LIGHTNING LAD

“In the 31st Century, Garth Ranzz is one of the founding members of the legendary Legion of Super Heroes, a vast intergalactic team of teenage heroes dedicated to advancing justice throughout the universe.”

Poor Garth got the short end of the stick for the team’s DCAU appearances, being nothing more than a cameo in either one of them.  Still, he’s a founding member, so that at least got him a figure (even if it was at the cost of getting a Chameleon Boy to round out the “New Kids in Town” team).  Since he wasn’t ever a focus character, Garth didn’t get a new animated design; he’s just a straight adaptation of Dave Cockrum’s design for him from the ’70s.  It’s honestly Garth’s best look, so no complaints there.  He gets his own head sculpt, and it’s honestly my favorite in the set.  It’s just a very sharp sculpt.  Unfortunately, Garth’s paint is the weakest of the bunch; the edges of the white are by far the sloppiest work seen here, and they opted for gold paint over yellow on the lightning bolts, which just isn’t as striking as it is on the page.  Again, there were no accessories for Lightning Lad…I mean, I guess unless you count him having his arm.  He doesn’t always have it, you know.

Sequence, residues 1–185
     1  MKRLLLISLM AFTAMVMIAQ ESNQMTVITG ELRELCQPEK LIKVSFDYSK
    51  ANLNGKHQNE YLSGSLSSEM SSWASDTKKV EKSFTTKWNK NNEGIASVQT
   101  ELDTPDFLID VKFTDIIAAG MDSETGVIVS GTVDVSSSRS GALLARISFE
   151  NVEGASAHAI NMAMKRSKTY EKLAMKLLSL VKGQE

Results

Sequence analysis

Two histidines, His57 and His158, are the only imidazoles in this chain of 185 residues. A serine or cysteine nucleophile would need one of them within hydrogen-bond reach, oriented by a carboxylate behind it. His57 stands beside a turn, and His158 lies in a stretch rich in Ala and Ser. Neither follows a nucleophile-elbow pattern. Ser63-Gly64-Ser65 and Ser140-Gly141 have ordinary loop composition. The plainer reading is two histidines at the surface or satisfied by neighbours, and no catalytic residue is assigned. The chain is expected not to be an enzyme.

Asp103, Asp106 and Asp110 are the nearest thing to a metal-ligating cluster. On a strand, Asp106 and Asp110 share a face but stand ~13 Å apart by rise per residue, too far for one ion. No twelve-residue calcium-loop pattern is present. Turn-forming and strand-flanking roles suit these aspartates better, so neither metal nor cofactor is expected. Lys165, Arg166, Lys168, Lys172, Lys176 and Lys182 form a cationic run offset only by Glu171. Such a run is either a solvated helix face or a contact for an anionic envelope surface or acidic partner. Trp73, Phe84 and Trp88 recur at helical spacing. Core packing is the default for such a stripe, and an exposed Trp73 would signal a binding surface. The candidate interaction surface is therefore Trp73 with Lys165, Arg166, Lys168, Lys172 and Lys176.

SATURN GIRL

“A native of Saturn’s moon Titan, Imra Ardeen hoped to use her telepathic powers as a member of the Science Police.  Instead, she became a founding member of the 31st Century’s greatest team of champions, the Legion of Super Heroes!”